Photo: Lamont Brooks and Pat George
Symphony Vineyard, which opened early in
June, has returned winegrowing to a Saanich farm that grew loganberries in the
1960s for Growers Wine Company, then based in Victoria.
Lamont Brooks, who runs this winery with
his wife, Pat George, is a second generation member of the Brooks family to
manage this farm, once 30 acres in size and now 10 acres. His mother, Thelma,
also grew strawberries before Lamont and Pat leased part of it for the 2.1 acre
vineyard they planted in 2004.
The winery represents a second career and a
lifestyle choice for the couple, both of which are trained in geology and earth
sciences. Lamont, who was born 1957, is a physics graduate from the University of Victoria. Upon graduation, he went to
work in the oil industry in Calgary,
where he met Pat. They spent 13 years with Shell, including three years in Holland, until Vancouver Island
drew them back in 2003.
Pat now describes herself as fully retired
from the oil industry while Lamont remains modestly involved with a start-up
oil and gas company.
They returned to the Saanich Peninsula
at a time when the promoters of Victoria Estate Winery had been encouraging the
planting of small vineyards.
seemed like a fine hobby for us to launch into, on the existing land here,”
Lamont says. “In 2004, we planted the
vines and built the winery building. We began making pretty serious wines from
our own grapes, starting in 2006, when the vines were in third leaf.”
start, this was much more than a hobby. They joined the Wine Islands Growers
Association, with Pat serving for many years as the president. WIGA is a
technical association that promotes education and problem solving for the grape
growers and winemakers of the coast. It is vital because most of the
viticultural research is done in warmer terroirs, like the Okanagan and California, and is of
limited use on the coast.
viticulturists have had to pull ourselves up by our own bootstraps, do trials
and figure out how to get the best crop in this climate,” Lamont says. “We
really have to figure out what works in this climate. Ninety per cent of the
research is from warmer places.”
The varietals planted for
Symphony are Pinot Gris, Gewürztraminer, Pinot Noir and Léon Millot. The latter is a French
hybrid from Alsace
plant breeder Eugene Kuhlmann, who also developed Maréchal Foch. Lamont and Pat
planted it to produce a full-bodied red.
In a typical year, the vineyard
should yield enough grapes for about 400 cases (the winery opened with about
300 cases from 2011, a difficult, low-production year). Lamont and Pat will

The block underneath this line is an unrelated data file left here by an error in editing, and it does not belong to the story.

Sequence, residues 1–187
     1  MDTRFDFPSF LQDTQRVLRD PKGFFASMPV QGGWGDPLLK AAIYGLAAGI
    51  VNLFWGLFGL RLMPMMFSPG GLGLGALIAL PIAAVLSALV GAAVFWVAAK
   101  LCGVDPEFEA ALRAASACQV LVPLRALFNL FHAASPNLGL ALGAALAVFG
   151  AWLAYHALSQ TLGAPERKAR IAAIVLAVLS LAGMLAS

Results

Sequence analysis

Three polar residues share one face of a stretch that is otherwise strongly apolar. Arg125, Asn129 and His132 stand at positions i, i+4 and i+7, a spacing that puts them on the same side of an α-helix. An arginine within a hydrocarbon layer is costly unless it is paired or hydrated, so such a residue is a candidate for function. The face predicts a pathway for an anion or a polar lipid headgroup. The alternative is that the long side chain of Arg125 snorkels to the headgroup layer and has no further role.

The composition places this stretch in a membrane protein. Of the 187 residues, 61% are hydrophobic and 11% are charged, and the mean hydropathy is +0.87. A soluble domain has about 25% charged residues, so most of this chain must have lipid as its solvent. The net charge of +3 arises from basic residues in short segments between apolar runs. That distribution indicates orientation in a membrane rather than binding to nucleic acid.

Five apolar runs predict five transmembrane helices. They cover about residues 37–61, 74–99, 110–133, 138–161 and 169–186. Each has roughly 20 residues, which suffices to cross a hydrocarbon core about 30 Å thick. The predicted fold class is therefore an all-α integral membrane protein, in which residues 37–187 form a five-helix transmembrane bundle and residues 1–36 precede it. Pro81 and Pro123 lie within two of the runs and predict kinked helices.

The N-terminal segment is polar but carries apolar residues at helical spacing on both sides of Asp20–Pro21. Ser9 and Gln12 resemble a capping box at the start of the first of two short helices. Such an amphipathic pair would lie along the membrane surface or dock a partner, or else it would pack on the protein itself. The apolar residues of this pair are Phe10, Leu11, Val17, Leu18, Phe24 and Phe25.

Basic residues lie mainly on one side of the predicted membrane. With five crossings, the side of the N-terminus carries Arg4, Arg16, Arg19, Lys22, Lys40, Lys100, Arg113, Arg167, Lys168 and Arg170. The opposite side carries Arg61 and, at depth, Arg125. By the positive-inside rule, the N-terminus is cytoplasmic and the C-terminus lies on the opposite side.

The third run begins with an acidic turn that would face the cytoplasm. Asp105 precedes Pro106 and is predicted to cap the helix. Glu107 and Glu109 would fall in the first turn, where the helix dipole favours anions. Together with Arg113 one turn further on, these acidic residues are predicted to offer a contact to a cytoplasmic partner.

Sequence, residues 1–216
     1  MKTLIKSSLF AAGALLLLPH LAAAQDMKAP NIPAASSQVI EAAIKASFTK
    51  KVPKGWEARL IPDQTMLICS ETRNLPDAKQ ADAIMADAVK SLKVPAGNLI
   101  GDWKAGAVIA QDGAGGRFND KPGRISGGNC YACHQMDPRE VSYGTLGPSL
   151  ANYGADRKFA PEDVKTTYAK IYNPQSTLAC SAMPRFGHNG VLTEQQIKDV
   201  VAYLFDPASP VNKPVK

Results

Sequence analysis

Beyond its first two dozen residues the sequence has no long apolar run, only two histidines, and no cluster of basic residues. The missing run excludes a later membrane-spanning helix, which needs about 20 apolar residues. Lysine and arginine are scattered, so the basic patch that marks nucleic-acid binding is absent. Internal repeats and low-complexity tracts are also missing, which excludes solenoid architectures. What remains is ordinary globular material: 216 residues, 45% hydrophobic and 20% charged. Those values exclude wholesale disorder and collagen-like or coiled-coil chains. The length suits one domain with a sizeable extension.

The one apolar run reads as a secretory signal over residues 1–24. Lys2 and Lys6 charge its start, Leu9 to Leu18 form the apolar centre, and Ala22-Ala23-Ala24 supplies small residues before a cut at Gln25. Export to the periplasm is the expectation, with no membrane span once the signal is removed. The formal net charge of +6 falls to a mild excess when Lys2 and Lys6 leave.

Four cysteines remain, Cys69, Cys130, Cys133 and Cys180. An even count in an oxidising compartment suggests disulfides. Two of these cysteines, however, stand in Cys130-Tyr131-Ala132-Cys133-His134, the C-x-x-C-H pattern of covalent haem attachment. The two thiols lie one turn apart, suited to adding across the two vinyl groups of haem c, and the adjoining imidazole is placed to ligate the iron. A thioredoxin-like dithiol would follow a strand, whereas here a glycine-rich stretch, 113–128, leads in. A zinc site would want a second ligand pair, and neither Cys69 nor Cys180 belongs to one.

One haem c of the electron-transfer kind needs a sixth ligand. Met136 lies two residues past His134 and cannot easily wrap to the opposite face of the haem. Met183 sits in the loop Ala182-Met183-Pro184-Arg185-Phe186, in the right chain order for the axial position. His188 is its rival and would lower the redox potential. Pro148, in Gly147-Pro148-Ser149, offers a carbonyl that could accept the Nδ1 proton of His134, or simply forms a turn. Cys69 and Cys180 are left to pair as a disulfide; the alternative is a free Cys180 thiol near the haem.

augment that by buying grapes from other island growers as they target an
annual production of 600 cases.
always aim to be a small winery,” Lamont says. “We don’t want to get to the
1,500 case level. We want to stay a small boutique producer of high quality
not plan to buy Okanagan grapes. “We do want to stay with island fruit,” Pat
says. They have already noted the positive response when consumers in the wine
shop ask where the grapes come from -- and they can point the vineyard that is
just a few hundred yards away.
from the wine shop also takes in a picnic patio, the locale of some of the
music events held here over the summer. Given the winery’s name, it is only
logical that they would host musicians.
“Music and wine seem to go together well,
and there are lots of musical people in our family,” Lamont says. “Also, the
definition of Symphony: “an elaborate instrumental composition in three or more
movements, of grand proportions and varied elements”, could almost describe the
long process leading to a bottle of wine – springtime in the vineyard, bursting
into a long ‘summer movement’ as grapes form, a quieter fall ripening phase
followed by the flurry of harvest and fermentations, and a final slow aging
when the sensory character of the wine develops.”
The first wines released this summer
establish Symphony as a winery worth visiting. Here are my notes.
Pinot Gris 2011 ($18). This wine begins with an
appealing and fresh aroma of lime and rhubarb which carry through to the
flavour that also has hints of pear. The finish is tangy and crisp. 89.
Pinot Gris 2011 (barrel-fermented) ($19). Barrel
fermentation has given the wine a fuller palate. It still shows attractive
aromas and flavours of citrus and has
softer acidity while still having a dry finish. 90.
Gewürztraminer 2011 ($19). Nicely balanced to
finish dry but not austere, this wine has delicate citrus aromas and flavours
with the classic hint of lychee that the variety often shows. 90.
Pinot Noir Rosé 2011 ($18). This wine displays a lovely rose petal hue, with aromas and
flavours of strawberries. It has a dry finish but with just a trace of residual
sugar to give it a juicy texture. 90.
Millot 2011 ($21). Aged in American oak, this is a
dark and fleshy wine, with aromas of black cherries and flavours of plums and
cherries. The soft tannins – a touch of tannin was added during fermentation –
give the wine youthful approachability. 89.
6409B Oldfield Rd, Saanichton,
BC V8M 1X8.
Telephone: 250.208.8784 begin_of_the_skype_highlighting 250.208.8784 end_of_the_skype_highlighting